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Growing up in a house with a yard, we had a pretty decent sized garden with fruits, vegetables, and herbs galore. Since moving to "the city", I haven't had a yard, and I miss being able to grow things

The situation:

The only space I have for a garden is on my balcony. It doesn't receive a lot of sunlight - the building walls enclose it on two sides, the main opening is west-facing, and the railing has thick wooden slats that block over half of the light except when the sun is at the right angle to shine directly from overhead. I would be able to add pots, but not planters.

The question:

What plants would you recommend for a balcony garden, to grow in pots, with limited sunlight? I'm open to herbs, greens, veggies, or anything that comes highly recommended by community members.

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1  
Related: What vegetables can be grown effectively in a small urban garden. Also, some of the suggestions in the answers to this question might be helpful. –  Lorem Ipsum Sep 16 '11 at 20:30

2 Answers 2

up vote 6 down vote accepted

Here are some things I have had experience with in this situation. They all will grow with proper care.

  • thyme
  • leaf lettuce
  • radishes
  • spinach
  • pepper
  • indeterminate tomatoes
  • baby style carrots
  • tophat blueberries
  • poly variegated cat grass
  • sage
  • oregano
  • strawberries
  • catmint
  • potatoes
  • sweet potatoes
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Will potatoes/sweet potatoes have enough space to grow in a pot? I've never grown them before, but I've always visualized them as needing an enormous amount of space. –  Jonathan Sep 19 '11 at 19:13
    
@Jonathan: I don't grow sweets so I can't comment there, but you can grow potatoes in containers. Look for "potato condo" for one approach, or you can just grow them in a (clean) trash barrel. (I haven't personally tried potato containers, but I have friends who have had success with this method, and it certainly seems popular.) –  bstpierre Sep 21 '11 at 18:27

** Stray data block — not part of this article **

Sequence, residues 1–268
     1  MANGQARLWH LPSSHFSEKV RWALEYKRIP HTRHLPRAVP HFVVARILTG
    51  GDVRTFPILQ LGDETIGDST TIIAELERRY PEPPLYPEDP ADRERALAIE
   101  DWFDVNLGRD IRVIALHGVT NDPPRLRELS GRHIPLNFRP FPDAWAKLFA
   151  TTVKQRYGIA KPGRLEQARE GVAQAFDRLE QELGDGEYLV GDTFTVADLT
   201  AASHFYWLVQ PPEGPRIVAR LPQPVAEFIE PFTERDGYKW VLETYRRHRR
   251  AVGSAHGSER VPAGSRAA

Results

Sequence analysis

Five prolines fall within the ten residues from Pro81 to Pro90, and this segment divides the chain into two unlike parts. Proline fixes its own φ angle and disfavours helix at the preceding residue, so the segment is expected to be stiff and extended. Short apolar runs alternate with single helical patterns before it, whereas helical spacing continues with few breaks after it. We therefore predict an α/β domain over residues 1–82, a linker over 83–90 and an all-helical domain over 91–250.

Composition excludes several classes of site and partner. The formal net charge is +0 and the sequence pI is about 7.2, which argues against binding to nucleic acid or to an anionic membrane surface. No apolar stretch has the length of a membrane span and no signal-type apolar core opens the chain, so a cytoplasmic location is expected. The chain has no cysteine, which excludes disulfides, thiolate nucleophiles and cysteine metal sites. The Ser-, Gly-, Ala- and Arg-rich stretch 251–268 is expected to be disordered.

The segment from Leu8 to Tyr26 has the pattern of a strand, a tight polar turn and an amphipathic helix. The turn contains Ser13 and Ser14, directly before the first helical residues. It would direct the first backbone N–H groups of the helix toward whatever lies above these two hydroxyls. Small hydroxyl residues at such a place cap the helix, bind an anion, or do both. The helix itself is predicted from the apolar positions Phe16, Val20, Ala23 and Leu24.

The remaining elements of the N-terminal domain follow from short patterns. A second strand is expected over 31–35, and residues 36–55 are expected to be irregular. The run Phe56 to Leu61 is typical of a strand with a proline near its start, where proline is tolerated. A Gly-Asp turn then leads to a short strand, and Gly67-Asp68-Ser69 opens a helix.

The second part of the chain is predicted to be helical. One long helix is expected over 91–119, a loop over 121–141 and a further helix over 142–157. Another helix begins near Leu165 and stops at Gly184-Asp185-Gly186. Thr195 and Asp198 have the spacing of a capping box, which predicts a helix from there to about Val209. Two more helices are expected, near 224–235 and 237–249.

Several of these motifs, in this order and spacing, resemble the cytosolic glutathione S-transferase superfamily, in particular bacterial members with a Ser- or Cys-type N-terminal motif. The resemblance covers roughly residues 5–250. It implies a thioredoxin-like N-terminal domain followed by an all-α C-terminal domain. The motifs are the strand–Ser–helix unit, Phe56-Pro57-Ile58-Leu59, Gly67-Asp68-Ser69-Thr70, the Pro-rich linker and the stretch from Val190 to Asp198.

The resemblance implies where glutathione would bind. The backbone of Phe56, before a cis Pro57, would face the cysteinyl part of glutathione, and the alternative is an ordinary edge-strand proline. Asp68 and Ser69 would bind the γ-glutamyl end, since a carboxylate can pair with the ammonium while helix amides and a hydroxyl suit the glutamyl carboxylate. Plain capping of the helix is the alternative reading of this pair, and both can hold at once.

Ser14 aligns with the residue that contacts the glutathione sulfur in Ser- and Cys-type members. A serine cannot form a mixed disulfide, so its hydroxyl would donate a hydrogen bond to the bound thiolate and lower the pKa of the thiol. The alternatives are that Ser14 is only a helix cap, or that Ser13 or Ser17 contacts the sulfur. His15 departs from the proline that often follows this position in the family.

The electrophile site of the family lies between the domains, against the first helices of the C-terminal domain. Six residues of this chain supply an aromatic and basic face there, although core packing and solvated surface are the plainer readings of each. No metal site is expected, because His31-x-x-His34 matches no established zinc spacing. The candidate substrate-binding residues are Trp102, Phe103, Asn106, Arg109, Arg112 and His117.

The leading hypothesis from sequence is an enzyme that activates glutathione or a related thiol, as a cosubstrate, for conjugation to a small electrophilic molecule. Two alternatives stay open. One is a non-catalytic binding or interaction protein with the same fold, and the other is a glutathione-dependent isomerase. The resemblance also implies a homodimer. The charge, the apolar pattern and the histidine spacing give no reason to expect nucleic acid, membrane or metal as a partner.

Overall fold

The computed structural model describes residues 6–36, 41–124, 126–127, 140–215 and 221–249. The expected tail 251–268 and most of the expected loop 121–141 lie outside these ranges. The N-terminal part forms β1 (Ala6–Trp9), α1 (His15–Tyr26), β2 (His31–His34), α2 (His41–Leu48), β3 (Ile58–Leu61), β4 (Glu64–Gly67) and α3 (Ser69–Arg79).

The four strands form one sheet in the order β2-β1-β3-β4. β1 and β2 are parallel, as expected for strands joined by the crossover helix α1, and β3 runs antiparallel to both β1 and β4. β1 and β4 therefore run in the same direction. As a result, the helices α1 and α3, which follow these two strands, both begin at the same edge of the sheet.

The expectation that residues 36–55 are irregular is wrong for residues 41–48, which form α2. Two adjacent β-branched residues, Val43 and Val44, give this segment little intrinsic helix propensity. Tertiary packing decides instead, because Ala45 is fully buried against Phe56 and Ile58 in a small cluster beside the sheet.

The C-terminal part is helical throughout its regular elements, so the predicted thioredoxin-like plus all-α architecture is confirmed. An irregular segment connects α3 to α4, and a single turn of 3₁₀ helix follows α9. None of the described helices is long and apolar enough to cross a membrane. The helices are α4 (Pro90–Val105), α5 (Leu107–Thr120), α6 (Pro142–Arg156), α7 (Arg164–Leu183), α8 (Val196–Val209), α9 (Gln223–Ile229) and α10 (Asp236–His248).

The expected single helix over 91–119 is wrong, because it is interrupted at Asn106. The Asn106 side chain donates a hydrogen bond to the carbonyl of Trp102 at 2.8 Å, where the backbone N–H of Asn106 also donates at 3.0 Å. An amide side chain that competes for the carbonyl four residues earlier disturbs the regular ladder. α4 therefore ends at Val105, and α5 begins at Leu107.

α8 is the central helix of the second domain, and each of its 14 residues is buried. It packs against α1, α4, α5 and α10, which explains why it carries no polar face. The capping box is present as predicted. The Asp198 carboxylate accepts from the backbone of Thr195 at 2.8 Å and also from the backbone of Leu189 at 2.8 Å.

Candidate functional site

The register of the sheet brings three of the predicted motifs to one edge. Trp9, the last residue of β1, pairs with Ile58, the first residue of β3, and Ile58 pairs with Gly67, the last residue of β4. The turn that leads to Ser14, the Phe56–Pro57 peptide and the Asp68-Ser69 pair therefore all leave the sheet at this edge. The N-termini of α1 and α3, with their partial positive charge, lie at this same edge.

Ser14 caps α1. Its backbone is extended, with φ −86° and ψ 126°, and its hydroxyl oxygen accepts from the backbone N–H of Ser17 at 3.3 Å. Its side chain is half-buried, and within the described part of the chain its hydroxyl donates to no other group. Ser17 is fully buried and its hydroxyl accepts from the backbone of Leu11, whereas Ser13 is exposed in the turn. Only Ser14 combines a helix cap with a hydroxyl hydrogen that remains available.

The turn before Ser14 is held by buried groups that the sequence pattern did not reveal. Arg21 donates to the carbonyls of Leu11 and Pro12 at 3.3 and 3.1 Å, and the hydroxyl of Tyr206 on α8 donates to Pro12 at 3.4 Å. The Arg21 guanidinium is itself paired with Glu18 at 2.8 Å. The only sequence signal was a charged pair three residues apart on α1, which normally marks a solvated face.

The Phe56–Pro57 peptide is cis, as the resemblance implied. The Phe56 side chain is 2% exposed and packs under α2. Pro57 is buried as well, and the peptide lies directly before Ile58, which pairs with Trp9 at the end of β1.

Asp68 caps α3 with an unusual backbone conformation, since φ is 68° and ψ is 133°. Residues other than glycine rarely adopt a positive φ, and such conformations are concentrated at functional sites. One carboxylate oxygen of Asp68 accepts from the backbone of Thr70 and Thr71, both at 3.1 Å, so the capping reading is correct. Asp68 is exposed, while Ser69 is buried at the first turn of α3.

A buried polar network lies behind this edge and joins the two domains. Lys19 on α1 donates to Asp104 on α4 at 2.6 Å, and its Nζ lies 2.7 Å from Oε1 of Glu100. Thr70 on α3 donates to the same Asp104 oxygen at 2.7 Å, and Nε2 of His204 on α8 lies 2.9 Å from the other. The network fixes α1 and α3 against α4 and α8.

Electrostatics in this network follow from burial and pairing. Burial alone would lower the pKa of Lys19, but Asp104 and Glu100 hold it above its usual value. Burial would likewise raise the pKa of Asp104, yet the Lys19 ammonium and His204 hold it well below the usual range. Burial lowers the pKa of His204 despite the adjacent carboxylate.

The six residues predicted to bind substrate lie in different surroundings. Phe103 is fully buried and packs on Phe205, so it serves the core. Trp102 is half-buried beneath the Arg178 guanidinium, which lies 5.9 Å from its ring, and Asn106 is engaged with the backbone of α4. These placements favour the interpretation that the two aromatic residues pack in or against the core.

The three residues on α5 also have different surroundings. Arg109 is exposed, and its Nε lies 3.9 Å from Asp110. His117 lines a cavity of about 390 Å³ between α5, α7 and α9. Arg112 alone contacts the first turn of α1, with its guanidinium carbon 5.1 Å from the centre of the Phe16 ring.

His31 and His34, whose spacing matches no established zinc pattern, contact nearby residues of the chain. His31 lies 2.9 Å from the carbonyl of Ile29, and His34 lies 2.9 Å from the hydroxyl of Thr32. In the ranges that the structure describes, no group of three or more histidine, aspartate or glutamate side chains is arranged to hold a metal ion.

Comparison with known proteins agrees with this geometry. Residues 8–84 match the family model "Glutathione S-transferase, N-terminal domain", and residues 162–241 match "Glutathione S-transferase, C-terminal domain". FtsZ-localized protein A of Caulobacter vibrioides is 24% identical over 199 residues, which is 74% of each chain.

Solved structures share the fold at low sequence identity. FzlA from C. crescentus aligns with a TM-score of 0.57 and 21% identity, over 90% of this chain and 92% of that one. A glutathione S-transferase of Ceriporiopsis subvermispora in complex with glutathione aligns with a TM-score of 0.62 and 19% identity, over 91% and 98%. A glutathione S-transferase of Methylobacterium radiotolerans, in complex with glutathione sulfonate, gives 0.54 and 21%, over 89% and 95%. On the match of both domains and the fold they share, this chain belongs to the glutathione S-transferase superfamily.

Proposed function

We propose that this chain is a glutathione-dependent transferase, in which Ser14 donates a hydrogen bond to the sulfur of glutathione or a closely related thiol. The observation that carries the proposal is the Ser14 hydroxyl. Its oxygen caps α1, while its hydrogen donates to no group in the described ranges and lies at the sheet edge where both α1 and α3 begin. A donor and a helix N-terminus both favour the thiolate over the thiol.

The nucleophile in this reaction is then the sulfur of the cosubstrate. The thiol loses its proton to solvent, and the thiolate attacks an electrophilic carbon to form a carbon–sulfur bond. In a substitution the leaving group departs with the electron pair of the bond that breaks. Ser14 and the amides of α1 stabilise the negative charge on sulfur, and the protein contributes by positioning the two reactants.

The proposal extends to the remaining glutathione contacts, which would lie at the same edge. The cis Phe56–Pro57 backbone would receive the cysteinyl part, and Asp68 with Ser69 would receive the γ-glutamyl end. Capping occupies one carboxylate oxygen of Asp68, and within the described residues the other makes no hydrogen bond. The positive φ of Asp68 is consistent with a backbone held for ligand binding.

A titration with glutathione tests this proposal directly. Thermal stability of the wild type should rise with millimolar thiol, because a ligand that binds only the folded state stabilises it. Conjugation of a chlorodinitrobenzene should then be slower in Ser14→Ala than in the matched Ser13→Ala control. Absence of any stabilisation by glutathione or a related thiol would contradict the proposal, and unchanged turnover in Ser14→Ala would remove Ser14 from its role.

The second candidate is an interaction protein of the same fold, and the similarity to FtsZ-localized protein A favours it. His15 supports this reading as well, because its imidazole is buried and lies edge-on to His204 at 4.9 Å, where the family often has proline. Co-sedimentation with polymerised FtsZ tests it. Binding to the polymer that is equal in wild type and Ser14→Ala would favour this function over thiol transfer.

The plants that I am going to suggest are those that will require limited sunlight, but sufficient enough to promote vegetative growth. Since these all will be in pots I suggest getting pots the largest size possible for best results. For instance in a large 5 gallon or bigger container you could plant a number of herbs that would do well in the situation. Spinach, lettuce and any number of greens could do well as long as the weather is warm enough. Once that you have given those that are likely to grow a chance to start, then you could start experimenting with veggies such as tomatoes. Good luck.

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Thanks! Are you saying that the greens will probably grow if the weather is warm enough, and veggies like tomatoes probably won't grow? –  Jonathan Sep 19 '11 at 19:14
    
For the greens, how warm would you say is warm enough? Where I live, we don't even hit the freezing point every year. But, is there a threshold where I should take my plants inside for the night? We will be hitting lows in the 40s in the winter. –  Jonathan Sep 19 '11 at 19:19
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@Jonathan: I'm not sure what GD is talking about with respect to "warm enough" for greens. Greens like spinach and lettuce do better in cold temperatures, and I have had spinach survive temps well below freezing (-10F ambient, probably warmer under the snow cover). They were covered with deep snow, and I harvested spinach in spring after snow melt. Tomatoes require warm temps to grow and produce fruit, but established plants will survive low 40s. –  bstpierre Sep 22 '11 at 18:21

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